On a scale

I was watching a TV show the other night and had a thought which progressed into a night later and another show.  The person on the first show was talking about a 360 degree action but for some reason, instead of picturing a circle, I thought about a calendar.  Then it hit me, if a circle is 360 degrees, wouldn’t it make more sense if we have 360 days in a year?  It would certainly simplify things.  My partner argued with me that one is based on mathematics and the other on gregorian, phases of the moon and things like that.  I came back with them both being based in science.

Then just a couple nights later, I was watching the weather and I went right back to the same simplification theory.  They were talking about an EF4 tornado that hit earlier this week.  It made me wonder why we basically use a 10 point scale for so many things but none of them are related.  For example, the Enhanced Fujita Scale (EF) rates a tornado from 0 (little damage) to 5 (catastrophic damage).  An earthquake’s damage is determined by the Richter magnitude scale.  There’s not been a greater magnitude earthquake than 9.5 so you could say that we could probably use a 10 point scale and still be ok.  If it’s more than 10, is it really necessary to say it was an 11?  The damage will be so catastrophic that I don’t think it would really matter.  Even the terror threat scale is based on 5 levels so is there really a need to have so many differentiating scales?  Even when taking surveys, which every receipt that’s given these days has one, it’s based on a 10 point (or less) scale.

Maybe it’s time we simplified our lives a bit and started combining some things.  I know I could use a few less things to remember.  I think that’s just age though.

With so many Europeans begging the US to go metric, I wonder how this theory would fit with that.  Hmmm.

There can be only one

But that’s not really true.  I’m flipping through TV channels when I see U.S. Open.  Oh, good, I love tennis.  I’m so much better at watching it than playing it so I hit the button in the guide to take me to it.  What’s this?  Golf?  No, no, no!  I don’t like golf.  I mean, it’s ok.  I have nothing against it, I’m just not in to it.  Now I’m disappointed.  I think back to the days when I was a kid when my mom and I would watch Bjorn Borg, Martina Navratilova, Billie Jean King, John McEnroe and Andre Agassi.  Mama bought us tennis rackets so that we could knock the ball around a bit on the weekends and get some exercise.  But I continued to watch as I got older.  I loved Martina Hingis and Jennifer Capriati.  Then Amelie Mauresmo came along as did the Williams’ sisters, Andy Roddick and Nadal Rafael.  I even went to a U.S. Open (Tennis) match in Flushing Meadows, NY one year when my partner got us tickets from a co-worker.  It was awesome.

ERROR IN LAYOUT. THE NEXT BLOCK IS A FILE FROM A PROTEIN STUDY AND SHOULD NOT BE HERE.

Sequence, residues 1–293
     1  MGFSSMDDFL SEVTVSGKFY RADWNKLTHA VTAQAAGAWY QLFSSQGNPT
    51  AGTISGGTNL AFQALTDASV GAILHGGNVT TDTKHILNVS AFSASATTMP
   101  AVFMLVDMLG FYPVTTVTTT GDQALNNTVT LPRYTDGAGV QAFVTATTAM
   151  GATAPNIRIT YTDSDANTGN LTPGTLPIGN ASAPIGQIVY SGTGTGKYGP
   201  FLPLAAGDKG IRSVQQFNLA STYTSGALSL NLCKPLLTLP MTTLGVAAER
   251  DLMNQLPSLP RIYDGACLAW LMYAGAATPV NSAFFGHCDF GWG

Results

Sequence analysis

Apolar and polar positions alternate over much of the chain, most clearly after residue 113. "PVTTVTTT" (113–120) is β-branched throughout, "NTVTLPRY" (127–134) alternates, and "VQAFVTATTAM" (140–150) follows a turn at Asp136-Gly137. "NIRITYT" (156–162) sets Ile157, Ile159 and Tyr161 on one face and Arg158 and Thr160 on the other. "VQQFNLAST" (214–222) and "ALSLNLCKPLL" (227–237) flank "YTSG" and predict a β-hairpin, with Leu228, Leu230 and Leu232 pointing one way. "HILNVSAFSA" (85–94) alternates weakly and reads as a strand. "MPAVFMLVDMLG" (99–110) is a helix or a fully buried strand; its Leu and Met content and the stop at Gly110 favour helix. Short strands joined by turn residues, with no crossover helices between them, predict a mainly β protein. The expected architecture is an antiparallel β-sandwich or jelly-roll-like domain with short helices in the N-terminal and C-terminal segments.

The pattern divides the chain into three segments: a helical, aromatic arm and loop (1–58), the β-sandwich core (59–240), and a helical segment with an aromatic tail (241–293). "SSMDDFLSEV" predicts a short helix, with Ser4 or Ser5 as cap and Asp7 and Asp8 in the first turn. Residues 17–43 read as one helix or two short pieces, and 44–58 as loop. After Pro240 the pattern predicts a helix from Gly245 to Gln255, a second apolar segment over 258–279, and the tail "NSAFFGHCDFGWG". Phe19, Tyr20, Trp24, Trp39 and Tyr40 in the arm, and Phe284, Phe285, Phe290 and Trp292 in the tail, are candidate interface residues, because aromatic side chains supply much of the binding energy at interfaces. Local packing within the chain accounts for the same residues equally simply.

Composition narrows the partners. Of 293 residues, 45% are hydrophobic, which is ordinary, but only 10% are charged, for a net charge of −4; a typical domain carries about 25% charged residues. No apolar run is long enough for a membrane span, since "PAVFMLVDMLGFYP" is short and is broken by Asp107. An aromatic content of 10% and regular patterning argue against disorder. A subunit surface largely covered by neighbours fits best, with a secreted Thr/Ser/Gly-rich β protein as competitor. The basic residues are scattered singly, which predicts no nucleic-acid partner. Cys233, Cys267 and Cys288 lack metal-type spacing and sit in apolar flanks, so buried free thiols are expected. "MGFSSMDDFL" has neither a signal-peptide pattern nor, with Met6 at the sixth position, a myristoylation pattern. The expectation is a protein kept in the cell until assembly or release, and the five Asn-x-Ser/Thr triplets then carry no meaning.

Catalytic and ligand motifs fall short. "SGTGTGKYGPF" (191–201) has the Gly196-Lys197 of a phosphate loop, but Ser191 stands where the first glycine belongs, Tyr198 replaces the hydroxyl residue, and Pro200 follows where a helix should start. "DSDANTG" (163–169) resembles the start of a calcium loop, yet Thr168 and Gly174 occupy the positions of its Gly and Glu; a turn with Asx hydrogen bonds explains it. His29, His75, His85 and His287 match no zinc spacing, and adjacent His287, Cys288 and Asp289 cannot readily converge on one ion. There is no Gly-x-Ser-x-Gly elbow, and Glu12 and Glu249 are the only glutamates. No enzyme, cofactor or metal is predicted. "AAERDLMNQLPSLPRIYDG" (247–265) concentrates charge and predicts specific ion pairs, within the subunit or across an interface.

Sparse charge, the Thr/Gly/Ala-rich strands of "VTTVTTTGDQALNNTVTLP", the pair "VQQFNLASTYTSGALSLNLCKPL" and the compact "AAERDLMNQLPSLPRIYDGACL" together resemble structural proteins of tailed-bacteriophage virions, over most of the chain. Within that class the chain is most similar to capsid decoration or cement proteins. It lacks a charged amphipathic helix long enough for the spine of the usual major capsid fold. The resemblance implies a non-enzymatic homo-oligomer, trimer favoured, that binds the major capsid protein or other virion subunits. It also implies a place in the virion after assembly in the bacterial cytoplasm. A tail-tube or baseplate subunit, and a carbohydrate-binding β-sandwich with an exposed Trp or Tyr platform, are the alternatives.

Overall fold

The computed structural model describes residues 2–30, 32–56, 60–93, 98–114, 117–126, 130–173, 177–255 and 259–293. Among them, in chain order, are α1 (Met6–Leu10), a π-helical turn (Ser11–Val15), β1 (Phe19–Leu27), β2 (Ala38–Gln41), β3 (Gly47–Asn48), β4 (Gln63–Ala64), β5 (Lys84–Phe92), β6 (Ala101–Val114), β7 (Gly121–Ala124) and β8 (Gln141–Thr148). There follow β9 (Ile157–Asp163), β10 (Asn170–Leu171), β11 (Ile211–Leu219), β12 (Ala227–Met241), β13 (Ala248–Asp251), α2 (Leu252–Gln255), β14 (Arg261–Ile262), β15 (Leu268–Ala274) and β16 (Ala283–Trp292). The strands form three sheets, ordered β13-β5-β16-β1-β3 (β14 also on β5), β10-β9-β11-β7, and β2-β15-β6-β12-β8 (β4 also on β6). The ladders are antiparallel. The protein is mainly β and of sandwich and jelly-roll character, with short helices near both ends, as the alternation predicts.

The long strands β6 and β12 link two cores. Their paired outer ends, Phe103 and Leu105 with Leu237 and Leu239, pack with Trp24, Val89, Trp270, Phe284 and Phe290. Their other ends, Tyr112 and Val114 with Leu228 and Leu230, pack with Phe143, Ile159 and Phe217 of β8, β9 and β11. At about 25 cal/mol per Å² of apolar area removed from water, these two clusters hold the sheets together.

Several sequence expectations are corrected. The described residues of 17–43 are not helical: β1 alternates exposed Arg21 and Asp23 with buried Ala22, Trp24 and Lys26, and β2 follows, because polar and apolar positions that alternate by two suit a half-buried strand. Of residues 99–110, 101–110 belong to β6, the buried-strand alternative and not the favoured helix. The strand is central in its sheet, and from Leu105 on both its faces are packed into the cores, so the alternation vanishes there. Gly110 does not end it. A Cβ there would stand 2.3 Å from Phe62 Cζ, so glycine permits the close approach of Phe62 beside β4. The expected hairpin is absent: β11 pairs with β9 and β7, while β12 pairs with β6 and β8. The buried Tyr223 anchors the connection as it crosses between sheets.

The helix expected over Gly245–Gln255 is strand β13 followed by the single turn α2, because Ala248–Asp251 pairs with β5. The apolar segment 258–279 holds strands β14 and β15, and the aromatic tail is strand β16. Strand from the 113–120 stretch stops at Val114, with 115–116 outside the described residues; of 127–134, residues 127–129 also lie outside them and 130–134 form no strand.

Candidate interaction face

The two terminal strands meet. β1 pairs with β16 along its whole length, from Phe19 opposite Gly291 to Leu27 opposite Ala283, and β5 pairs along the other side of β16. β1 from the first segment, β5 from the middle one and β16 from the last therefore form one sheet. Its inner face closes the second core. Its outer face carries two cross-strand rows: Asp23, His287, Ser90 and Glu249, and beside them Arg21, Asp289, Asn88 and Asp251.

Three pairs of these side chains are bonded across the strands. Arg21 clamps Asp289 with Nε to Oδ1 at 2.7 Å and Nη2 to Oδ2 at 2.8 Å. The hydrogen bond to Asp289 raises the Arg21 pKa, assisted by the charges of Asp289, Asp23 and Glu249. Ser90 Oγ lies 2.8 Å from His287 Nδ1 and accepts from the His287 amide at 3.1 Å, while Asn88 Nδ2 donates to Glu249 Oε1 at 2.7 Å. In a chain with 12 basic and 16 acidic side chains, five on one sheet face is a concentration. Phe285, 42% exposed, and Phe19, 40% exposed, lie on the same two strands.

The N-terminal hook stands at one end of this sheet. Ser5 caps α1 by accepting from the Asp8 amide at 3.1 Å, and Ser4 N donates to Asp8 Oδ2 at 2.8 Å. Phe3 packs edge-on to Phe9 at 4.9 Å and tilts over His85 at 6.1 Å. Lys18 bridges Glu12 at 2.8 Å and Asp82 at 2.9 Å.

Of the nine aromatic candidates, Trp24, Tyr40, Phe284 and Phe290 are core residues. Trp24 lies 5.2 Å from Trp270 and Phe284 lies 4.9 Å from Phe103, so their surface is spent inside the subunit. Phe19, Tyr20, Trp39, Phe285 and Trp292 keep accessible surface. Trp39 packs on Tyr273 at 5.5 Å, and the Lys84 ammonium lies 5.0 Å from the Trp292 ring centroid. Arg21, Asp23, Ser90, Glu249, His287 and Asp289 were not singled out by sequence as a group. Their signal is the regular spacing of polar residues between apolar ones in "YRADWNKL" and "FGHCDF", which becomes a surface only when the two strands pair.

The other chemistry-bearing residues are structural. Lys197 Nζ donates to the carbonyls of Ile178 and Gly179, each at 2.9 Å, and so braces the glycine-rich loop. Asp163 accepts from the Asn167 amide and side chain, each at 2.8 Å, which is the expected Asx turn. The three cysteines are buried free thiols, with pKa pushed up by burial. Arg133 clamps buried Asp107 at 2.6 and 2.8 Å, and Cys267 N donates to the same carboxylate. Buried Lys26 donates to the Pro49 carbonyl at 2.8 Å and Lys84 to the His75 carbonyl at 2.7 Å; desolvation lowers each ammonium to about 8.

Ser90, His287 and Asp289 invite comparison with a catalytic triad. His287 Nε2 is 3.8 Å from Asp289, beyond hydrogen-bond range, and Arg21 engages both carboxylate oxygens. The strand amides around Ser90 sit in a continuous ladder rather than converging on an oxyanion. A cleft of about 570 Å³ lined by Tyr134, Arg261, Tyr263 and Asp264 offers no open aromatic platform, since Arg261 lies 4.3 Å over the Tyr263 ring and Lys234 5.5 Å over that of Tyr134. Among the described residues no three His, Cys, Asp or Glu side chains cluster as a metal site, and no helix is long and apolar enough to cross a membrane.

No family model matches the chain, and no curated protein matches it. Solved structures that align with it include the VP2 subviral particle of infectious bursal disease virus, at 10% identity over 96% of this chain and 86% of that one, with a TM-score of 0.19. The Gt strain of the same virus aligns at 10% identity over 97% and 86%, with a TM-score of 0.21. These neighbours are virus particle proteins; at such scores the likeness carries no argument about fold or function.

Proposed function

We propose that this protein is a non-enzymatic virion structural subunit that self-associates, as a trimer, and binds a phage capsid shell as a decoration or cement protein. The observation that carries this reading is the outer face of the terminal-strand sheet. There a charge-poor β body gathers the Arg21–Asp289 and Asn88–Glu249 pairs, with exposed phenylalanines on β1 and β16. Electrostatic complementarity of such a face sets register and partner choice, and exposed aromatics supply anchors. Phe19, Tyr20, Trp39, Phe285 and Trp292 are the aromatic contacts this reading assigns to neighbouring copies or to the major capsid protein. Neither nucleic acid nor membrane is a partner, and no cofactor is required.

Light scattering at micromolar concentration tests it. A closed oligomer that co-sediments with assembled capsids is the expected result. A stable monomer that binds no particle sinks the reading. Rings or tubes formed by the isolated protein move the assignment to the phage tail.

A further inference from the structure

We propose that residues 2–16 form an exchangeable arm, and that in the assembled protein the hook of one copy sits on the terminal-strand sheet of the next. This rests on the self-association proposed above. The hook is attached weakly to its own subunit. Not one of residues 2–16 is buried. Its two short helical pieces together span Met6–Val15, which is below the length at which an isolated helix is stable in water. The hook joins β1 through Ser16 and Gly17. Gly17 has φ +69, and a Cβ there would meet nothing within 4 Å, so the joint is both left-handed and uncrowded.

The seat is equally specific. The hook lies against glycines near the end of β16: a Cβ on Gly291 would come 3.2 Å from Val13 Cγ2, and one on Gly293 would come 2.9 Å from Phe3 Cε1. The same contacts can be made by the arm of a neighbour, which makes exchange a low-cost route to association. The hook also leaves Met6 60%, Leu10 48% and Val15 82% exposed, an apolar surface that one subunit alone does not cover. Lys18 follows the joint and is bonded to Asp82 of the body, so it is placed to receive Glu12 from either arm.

I’m sure Golf has its fans too.  I see the final shots made on the news and see the hordes of people standing around so there is interest.  So why not call them something different?  There’s no Stanley Cup of Baseball or World Series Football.

I wonder who came first – Tennis or Golf?  That’s who should hold the title of U.S. Open.

For today, since there’s no U.S. Open Tennis on, I’m stuck watching reruns of The Matrix while I do more, more, more edits to the book.

Empty Handed

Have you ever gone into a store looking for something specific only to find that they don’t have it?  You end up wandering around for a little while trying to find something else that you might need or want so that you can make a purchase.  After awhile you decide there’s either nothing you can convince yourself to buy or you just don’t want to spend the money on non-sense so you decide to leave.  As you approach the exit, you know that every security camera in the place has started to turn to focus in on you.  You double-check to make sure you didn’t accidentally pick something up and forget that you were carrying it around.  Nothing in your hands.  You try to relax.  You’ve done nothing wrong, yet you feel the guilt grow and know that you have no reason to be guilty so you try even harder to not look guilty.  The closer you get to the door, the faster you walk, making a conscious effort to look side to side to see if there are security guards approaching but not wanting the cameras to pick up on your suspicious movements.  You reach into your pocket or purse, pull out the car keys and hold them up in plain site to show that you aren’t stuffing anything away, you are just removing your keys.  As the auto doors open, you cross the threshold and exhale.  A smile appears on your face as if you’ve gotten away with something but there’s nothing to be gained.  You hop into your car and head to the next place on your list to find the ever elusive item you’re in search of.